- ‘Gay Jeans’ that fade into rainbow-colored denim created
- Divided court strikes down big porn award
- Jimmy Carter: Don’t hurt Russian people with sanctions
- Oldest ex-MLB player dies in Cuba, 2 days shy of 103rd birthday
- ‘Top Gun’ for drones: Squadrons of carrier-based killers have Navy’s approval
- Bill Clinton to endorse Charlie Rangel for re-election
- Pfc. Bradley Manning is now Pfc. Chelsea Manning: Court says so
- Secret base U.S. special forces used to train Libyans now under terrorist control: report
- 9th suspect in N.C. kidnapping turns self in to FBI
- L.A. sheriff admits to testing flyover spy program without notifying residents
Icelanders again reject debt deal; court case looms
REYKJAVIK | Iceland faces more economic uncertainty and a drawn-out European court case after its voters rejected for a second time a plan to repay $5 billion to Britain and the Netherlands from a bank crash.
The British and Dutch governments voiced disappointment with the result of Saturday’s referendum, in which almost 60 percent of voters opposed the repayment deal.
“We must do all we can to prevent political and economic chaos as a result of this outcome,” Prime Minister Johanna Sigurdardottir told state television.
“My estimate is that the process will take a year, a year and a half at least, Finance Minister Steingrimur Sigfusson told a news conference.
The debt was incurred when Britain and the Netherlands compensated their nationals who lost savings in online “Icesave” accounts owned by Landsbanki, one of three overextended Icelandic banks that collapsed in late 2008, triggering an economic meltdown in the country of 320,000 people.
Economists have said failure to resolve the issue means Iceland faces delays ending currency controls, boosting investment and returning to financial markets for funding.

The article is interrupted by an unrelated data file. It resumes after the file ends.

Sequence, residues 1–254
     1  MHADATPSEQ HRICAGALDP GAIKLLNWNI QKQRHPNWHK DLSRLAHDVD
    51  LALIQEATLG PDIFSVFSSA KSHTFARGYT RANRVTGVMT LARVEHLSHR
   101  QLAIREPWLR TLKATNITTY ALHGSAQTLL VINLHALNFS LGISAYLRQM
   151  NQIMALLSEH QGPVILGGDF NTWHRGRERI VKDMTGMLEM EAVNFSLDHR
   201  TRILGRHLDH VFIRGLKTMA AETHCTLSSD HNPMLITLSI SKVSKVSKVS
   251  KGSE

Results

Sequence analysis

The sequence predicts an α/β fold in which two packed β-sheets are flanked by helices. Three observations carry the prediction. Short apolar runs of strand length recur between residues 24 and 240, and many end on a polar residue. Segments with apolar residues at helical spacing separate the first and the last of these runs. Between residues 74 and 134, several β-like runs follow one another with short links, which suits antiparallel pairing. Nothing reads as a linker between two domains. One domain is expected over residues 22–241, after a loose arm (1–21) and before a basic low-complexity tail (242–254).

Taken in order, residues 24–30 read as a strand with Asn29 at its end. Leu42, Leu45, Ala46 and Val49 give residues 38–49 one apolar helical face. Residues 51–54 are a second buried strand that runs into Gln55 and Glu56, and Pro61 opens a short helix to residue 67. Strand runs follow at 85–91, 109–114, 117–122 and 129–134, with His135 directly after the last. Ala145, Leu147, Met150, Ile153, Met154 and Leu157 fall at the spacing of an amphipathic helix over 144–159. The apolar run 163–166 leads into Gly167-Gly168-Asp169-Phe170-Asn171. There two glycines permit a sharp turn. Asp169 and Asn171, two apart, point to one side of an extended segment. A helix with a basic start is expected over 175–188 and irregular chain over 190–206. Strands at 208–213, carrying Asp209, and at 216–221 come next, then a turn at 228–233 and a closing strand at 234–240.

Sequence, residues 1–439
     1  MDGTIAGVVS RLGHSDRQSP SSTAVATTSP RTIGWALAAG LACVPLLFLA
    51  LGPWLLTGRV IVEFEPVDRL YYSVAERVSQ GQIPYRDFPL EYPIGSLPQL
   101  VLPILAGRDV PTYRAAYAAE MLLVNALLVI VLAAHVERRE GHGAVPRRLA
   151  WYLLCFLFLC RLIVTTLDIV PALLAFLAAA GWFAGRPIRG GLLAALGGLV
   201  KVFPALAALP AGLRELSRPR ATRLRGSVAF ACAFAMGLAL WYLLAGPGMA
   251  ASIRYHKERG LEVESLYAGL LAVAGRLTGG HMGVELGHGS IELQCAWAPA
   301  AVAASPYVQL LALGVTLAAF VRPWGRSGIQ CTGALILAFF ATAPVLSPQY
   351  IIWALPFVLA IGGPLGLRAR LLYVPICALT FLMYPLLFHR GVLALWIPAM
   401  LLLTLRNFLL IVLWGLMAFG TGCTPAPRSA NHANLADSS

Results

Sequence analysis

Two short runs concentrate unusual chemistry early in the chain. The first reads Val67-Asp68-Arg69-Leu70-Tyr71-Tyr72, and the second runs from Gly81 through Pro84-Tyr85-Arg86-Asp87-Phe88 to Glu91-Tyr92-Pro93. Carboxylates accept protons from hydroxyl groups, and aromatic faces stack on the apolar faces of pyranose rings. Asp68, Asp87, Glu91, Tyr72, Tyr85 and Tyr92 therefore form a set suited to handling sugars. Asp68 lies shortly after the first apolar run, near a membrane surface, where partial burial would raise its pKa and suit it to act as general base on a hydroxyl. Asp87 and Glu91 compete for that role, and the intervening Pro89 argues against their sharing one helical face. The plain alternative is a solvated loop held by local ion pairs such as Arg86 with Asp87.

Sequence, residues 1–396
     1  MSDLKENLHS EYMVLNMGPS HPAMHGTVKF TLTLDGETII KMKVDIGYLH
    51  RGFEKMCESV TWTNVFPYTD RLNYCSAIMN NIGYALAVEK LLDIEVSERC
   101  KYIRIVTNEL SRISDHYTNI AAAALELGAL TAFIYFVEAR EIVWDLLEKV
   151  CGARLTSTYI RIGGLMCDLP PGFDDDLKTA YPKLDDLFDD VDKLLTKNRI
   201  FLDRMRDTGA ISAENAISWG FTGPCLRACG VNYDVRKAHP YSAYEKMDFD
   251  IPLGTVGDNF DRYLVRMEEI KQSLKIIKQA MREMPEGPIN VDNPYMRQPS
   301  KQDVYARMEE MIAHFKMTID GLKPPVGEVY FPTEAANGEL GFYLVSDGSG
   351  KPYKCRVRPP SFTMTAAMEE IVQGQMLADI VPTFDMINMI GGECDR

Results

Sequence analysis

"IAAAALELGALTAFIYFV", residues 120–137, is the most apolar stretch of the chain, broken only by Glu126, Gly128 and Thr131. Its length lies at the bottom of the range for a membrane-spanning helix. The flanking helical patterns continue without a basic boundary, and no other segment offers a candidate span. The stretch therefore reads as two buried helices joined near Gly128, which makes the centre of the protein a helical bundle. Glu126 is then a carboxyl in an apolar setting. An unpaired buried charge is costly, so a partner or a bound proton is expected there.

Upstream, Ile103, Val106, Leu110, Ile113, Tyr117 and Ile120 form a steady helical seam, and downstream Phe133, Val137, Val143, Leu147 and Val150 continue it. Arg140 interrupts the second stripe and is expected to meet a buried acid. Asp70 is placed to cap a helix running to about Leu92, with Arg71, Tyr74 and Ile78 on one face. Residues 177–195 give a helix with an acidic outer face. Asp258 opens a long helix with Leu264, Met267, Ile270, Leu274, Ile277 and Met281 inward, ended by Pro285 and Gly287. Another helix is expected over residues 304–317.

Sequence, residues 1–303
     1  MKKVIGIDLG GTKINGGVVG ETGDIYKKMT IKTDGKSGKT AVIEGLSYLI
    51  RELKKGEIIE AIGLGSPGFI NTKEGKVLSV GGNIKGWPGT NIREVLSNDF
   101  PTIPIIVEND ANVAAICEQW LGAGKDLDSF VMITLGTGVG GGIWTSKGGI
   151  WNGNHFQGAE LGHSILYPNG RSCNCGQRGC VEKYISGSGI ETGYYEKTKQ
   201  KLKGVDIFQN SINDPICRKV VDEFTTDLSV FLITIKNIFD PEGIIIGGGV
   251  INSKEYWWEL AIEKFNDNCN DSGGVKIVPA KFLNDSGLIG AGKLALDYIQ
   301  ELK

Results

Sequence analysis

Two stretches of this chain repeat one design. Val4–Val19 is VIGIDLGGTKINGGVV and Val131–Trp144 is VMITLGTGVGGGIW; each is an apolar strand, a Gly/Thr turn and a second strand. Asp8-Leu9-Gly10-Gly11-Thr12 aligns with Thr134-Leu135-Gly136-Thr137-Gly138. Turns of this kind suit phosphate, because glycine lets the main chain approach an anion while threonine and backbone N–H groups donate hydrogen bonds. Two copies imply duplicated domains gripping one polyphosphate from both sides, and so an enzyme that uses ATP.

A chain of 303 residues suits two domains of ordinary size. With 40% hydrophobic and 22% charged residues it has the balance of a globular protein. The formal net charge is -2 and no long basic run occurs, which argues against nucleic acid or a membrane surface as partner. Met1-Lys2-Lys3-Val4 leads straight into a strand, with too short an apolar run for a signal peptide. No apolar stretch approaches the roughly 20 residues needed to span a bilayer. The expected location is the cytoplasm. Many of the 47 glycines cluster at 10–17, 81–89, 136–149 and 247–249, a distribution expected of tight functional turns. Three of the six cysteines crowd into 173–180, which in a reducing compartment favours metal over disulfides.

But the center-left coalition government said it would not resign despite the defeat.
New veil ban to go into effect
TRAPPES | For Muslim women who cover their faces with veils, it is the moment for making plans. Starting Monday, a new law banning garments that hide the face takes effect. Women who disobey it risk a fine, special classes and a police record.
The law comes as Muslims face what some see as a new jab at their religion. President Nicolas Sarkozy’s party is set to hold a debate Tuesday on the place of Islamic practices, and Islam itself, in strictly secular but traditionally Catholic France.
The increasing focus on France’s Muslims — the largest such population in western Europe, at 5 million people — comes with presidential elections a year away and support for a far-right opposition party growing.
TWT Video Picks
By Andrew P. Napolitano
Obama's veil of secrecy is pierced
- 'Top Gun' for drones: Squadrons of carrier-based killers have Navy's approval
- Pentagon plans to replace flight crews with 'full-time' robots
- Kansas will nullify local regulation of guns
- Nevada rancher Cliven Bundy hailed as patriot, ripped as lawless deadbeat
- America is an oligarchy, not a democracy or republic, university study finds
- Opposition rising to Colorado gun control laws
- CARSON: When government looks more like foe than friend
- Paul Ryan to meet with black lawmakers after 'inner cities' flap
- Georgia's new carry law a big win for gun rights
- Tactical advantage: Russian military shows off impressive new gear
Top 10 handguns in the U.S.
Celebrity deaths in 2014